The Washington Times - June 22, 2010, 12:10PM

Guest Post By Katie Reid

In his reasonable tone and well-tailored suit, likely Republican presidential candidate Mitch Daniels suggested a truce on social issues. He admonished and rebuked, reminding us that money—dear stupid children—matters more than life, and power is to be esteemed and protected more than right and wrong. More than anything, his truce was delivered to gain him votes and accolades of moderation from those who consider themselves fiscally conservative and socially liberal. In a fog of national debt, there are many votes to be had, and all it takes is a slick politician with enough good sense to label themselves as a pocket book protector.


Yet, since calling for a ceasefire on the abortion issue, Daniels has had trouble defining what a truce looks like, jeopardizing not only his pro-life credentials but his status as an effective politician as well. When asked if he would support the Mexico City policy banning U.S. family planning funds to be directed to international organizations that promote or perform abortions in foreign countries, Governor Daniels at first responded, “I don’t know.” When that blew up in his face, he said he would but refused to renounce his ill-conceived treaty notion: “If there were a WMD attack, death would come to straights and gays, pro-life and pro-choice…If the country goes broke, it would ruin the American dream for everyone,” Daniels said.

Dear Governor, each day in this country, abortion denies the American dream to 3,300 people. If these children were to have a voice, do you think they would say, “It’s okay, we’re not that important anyway”, or maybe they would echo the words of Thomas Paine, “But what are salt, sugar, and finery to the inestimable blessings of liberty and safety?”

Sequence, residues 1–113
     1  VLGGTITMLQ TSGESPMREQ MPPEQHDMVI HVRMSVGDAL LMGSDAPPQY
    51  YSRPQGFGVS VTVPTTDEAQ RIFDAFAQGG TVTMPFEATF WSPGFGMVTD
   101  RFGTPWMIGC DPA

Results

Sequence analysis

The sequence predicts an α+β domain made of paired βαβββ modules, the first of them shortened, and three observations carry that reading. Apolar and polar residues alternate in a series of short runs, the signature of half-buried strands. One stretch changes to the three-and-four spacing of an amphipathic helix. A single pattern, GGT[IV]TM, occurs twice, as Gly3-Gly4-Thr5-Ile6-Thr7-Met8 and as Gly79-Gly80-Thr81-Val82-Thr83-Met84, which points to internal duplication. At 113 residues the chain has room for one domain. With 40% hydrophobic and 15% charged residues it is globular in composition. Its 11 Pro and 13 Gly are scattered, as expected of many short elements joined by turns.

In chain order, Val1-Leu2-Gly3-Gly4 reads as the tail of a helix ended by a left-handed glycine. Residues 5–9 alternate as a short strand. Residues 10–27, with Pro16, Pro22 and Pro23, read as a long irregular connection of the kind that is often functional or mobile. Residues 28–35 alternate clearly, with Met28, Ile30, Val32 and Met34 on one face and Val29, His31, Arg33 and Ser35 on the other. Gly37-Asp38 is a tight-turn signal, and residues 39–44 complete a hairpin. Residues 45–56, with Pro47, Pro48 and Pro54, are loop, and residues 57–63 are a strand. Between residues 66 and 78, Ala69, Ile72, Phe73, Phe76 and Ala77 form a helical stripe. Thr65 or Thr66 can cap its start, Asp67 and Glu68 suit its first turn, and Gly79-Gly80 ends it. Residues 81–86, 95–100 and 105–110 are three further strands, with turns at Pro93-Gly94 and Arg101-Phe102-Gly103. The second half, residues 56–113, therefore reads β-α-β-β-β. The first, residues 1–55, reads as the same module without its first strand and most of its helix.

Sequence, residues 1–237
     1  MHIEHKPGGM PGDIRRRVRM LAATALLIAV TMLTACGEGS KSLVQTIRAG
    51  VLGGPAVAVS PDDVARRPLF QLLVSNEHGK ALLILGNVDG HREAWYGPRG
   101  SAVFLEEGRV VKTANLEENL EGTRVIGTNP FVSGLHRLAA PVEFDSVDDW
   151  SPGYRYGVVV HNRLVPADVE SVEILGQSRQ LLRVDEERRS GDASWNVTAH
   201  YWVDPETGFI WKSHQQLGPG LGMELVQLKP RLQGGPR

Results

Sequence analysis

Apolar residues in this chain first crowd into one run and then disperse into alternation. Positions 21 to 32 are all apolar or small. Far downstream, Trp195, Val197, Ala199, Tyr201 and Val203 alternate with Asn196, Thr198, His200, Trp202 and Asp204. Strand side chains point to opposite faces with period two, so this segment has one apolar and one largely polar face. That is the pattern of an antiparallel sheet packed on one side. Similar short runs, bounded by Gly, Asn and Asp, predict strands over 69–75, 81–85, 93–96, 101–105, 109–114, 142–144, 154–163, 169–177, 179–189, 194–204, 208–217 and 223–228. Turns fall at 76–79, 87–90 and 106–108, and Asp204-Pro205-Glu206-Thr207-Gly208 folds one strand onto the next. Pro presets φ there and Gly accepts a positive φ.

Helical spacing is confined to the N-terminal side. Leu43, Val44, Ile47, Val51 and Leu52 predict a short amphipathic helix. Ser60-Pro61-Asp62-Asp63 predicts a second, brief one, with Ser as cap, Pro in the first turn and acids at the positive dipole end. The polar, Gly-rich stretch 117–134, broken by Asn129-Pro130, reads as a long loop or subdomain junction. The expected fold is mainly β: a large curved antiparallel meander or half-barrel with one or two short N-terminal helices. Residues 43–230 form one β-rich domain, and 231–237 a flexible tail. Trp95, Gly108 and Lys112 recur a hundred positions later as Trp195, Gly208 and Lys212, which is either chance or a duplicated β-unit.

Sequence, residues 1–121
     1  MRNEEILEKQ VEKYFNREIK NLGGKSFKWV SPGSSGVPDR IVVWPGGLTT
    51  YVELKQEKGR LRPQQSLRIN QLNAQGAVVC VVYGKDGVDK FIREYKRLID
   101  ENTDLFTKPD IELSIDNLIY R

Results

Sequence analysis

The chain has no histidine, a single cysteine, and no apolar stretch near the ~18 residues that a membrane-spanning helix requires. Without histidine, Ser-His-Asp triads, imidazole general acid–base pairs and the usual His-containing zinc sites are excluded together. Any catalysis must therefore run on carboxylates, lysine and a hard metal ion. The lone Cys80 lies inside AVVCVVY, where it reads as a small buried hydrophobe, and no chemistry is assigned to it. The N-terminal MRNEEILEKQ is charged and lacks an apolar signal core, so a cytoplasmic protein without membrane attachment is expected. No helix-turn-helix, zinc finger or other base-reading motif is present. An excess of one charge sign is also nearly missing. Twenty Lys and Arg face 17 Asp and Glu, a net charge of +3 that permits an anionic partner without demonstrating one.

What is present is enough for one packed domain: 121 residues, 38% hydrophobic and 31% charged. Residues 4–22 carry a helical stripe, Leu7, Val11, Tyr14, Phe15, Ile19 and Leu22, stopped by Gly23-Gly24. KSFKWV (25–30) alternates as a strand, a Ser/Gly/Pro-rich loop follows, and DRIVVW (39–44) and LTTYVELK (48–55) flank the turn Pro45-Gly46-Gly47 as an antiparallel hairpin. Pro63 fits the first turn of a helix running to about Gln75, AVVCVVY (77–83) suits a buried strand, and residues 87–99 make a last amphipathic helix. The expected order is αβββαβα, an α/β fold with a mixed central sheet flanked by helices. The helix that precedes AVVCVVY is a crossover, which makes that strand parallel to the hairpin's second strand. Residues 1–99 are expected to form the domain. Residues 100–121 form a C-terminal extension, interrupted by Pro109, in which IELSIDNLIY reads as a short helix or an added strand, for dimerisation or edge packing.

Truth be told, bad policies, debt, and overspending can cause a great amount of human suffering—as many in our nation can attest. Life is precious, and it is our job to protect, uphold, and love our fellow man. But, for too long, abortion has been labeled an “issue, “something reasonable people decide in private and hysterical people argue about publicly. Yet, to the casualties of abortion, this procedure is not a political “issue” unworthy of our and Governor Daniels’ attention; it is in fact their death sentence without jury or trial, without any vote or discussion on whether or not they should be allowed to live.

The good news is that concerned Americans don’t have to listen to what Governor Daniels tells us our voting parameters should be. We get to decide who we vote for, why we vote for them and why we care to vote at all. Pro-life Americans have the right and obligation to actively oppose the nomination of a Justice who fights to keep abortion legal and who does not understand that interpreting the law does not include creating the law, or what the definition of posterity is. 

Those who understand they can never and will never justify one dollar they earn going to fund the killing of an innocent child must continue to fight against any public monies funding abortions. Those who know how much these young women and children need our help need to open up their hearts and find powerful ways to give them hope for a new life. And those who know that in a free country that derives its power from the consent of the governed, our vote is our voice. We recognize the responsibility we have to speak our hearts, our beliefs, and our values with every ballot. Together, we choose what drives and compels us and we never, ever have to bow to an elected official who tells us that we are supposed to seek a truce with men and value money instead of daring to be called a fool and value what honors God.


Katie Reid is a pro-life activist and author of “When the Bough Breaks: Abortion and the Rest of Us”